Professional learning – what lights your fire?

I attended a three-day conference on research in child development recently. The conference is held every second year and the first time I attended the conference was in 2013. Back then I had just finished studying and I was feeling quite comfortable with what I knew, but that conference blew my mind! I struggled to choose the sessions to attend because I wanted to go to everything.

Ideas that I thought were new had been studied already and were being discussed. When presenters invited questions from the audience, the questions were not just answered; they led to whole new conversations between members of the audience! Research is exciting and challenges our thinking – I left that conference knowing that I had to attend the next one.learning

A few months ago, I attended a colleague’s conference presentation. My colleague presented exciting new research data on intentional teaching in early childhood. When she offered to dim the lights for people to see the children’s work projected on a large screen, one voice spoke up from the back of the room: ‘Don’t do that. We may fall asleep!’

As early childhood practitioners, people still speak at times of the ‘new’ framework. It isn’t new. Children who were born the year it was rolled out are probably in Year 1 this year. For several years, the EYLF has emphasized the importance of on-going learning. The Code of Ethics has reminded us of the importance of on-going professional learning for even longer. The NQS (and even the NQS is not really new any more, let’s face it) emphasises the need for professional learning. Professional learning is frequently named in Quality Improvement Plans. The Graduate Teacher Standards require us to keep up with current knowledge about teaching and learning. We all know that professional development (or professional learning) is something we ought to ‘do’.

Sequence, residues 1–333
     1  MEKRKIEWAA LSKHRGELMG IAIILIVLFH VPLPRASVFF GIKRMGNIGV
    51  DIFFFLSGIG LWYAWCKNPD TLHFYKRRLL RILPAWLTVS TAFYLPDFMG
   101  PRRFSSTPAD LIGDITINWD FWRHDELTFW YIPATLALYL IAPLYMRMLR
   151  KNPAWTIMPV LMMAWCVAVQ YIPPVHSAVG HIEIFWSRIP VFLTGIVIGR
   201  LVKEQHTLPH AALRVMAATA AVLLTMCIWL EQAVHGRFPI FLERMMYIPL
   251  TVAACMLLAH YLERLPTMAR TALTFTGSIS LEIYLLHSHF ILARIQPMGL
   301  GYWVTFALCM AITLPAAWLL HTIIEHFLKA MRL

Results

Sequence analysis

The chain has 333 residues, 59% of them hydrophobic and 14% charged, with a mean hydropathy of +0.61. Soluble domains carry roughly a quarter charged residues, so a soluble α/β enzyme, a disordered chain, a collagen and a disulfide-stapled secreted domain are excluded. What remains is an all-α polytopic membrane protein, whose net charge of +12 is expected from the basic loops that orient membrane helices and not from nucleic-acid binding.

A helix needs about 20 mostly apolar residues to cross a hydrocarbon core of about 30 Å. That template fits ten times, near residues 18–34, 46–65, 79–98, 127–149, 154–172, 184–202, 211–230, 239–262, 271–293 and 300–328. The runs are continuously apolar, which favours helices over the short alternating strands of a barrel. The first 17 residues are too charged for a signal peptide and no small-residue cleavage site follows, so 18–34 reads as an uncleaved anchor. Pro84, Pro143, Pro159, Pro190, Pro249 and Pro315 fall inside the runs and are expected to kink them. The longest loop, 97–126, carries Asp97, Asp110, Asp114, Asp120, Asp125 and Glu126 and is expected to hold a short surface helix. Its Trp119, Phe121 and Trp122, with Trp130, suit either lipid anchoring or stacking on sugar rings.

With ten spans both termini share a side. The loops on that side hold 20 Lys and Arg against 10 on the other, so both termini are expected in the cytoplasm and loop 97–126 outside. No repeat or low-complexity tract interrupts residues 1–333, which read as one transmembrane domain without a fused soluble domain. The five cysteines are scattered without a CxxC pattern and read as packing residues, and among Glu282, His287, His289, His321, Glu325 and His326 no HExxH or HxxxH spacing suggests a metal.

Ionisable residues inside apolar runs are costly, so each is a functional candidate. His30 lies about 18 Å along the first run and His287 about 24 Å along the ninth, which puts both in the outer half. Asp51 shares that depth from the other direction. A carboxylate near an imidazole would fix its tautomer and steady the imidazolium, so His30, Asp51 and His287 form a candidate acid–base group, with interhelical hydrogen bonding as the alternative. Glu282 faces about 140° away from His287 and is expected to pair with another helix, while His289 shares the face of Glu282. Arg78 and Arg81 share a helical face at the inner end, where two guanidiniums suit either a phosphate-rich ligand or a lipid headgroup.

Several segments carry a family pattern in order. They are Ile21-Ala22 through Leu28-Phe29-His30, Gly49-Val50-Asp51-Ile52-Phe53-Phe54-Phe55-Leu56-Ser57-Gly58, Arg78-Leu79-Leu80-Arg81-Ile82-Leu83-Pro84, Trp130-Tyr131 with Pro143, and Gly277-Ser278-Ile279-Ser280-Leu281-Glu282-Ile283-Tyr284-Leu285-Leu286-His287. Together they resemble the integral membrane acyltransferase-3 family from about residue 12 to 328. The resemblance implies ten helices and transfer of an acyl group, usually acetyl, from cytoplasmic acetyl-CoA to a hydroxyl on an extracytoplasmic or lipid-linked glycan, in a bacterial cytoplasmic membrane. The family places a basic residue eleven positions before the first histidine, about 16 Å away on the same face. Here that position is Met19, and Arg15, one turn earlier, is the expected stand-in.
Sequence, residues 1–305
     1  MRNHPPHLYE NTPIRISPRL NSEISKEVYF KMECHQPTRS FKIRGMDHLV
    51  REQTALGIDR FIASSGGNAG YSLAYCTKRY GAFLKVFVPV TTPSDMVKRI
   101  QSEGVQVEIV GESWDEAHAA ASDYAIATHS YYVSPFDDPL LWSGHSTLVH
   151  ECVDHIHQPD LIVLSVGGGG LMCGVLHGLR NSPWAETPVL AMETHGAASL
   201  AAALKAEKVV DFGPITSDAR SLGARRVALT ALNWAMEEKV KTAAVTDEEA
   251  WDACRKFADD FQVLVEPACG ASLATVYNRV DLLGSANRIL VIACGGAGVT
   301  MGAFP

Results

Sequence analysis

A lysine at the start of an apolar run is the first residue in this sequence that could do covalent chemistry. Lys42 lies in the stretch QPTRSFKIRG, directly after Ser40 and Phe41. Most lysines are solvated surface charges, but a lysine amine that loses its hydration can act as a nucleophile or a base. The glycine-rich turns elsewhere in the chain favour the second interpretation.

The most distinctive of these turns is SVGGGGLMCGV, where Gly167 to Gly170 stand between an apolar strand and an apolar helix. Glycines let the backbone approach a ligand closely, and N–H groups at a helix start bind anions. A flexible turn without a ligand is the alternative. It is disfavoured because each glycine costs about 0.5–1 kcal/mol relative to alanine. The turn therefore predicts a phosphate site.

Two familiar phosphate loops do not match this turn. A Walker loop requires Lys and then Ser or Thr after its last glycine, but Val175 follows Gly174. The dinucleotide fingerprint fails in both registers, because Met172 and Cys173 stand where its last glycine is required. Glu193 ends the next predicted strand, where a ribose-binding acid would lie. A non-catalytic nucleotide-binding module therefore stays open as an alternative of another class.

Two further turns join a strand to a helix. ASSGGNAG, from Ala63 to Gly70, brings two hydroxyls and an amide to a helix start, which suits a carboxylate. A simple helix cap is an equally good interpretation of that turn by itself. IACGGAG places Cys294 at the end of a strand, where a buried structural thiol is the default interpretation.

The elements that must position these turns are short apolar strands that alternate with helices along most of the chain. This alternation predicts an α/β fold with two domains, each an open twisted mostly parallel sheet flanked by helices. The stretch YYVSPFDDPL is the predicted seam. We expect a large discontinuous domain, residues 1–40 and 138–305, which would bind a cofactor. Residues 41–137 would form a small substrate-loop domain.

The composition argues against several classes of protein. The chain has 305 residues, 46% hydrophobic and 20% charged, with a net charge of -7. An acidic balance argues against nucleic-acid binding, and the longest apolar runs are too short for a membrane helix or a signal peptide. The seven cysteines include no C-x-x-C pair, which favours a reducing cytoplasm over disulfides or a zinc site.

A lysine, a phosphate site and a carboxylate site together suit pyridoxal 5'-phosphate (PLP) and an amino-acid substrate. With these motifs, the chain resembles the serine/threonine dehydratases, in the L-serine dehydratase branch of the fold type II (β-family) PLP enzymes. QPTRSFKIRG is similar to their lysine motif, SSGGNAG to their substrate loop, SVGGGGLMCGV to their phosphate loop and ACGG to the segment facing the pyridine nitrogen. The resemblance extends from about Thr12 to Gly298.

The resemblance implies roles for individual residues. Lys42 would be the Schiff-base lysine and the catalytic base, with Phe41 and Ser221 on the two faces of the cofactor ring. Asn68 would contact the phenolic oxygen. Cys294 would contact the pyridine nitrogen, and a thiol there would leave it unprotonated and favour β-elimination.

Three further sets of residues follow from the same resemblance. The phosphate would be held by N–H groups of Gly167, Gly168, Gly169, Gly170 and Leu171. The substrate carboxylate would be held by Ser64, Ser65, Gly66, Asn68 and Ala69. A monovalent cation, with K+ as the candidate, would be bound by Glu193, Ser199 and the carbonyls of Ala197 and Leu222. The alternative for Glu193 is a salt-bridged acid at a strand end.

But professional learning is so much more than ‘doing’ it. As reflective practitioners we need to think about what we, as individuals, want to learn more about and then we need to go out and find that information. Professional learning should be thrilling like fireworks on New Year’s Eve. Exciting while you’re there, worth remembering, and something to talk about with friends and colleagues afterwards. We have to work out what lights our individual fires and then discover the spark. I’ve already got the dates for the next conference in my calendar.

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Caroline Cohrssen

Caroline Cohrssen is employed at the University of Melbourne as a senior lecturer/researcher on the Master of Teaching (Early Childhood). She is interested in the home learning environment and young children’s demonstrations of mathematical thinking, not only in what they say but also in what they make, draw and do. Caroline’s work aims to equip pre-service early childhood educators to recognise mathematical thinking, plan playful activities and interact purposefully with children to support and extend children's emerging mathematical skills and understanding. 'Her current research focuses on four year old children's demonstrations of spatial thinking.

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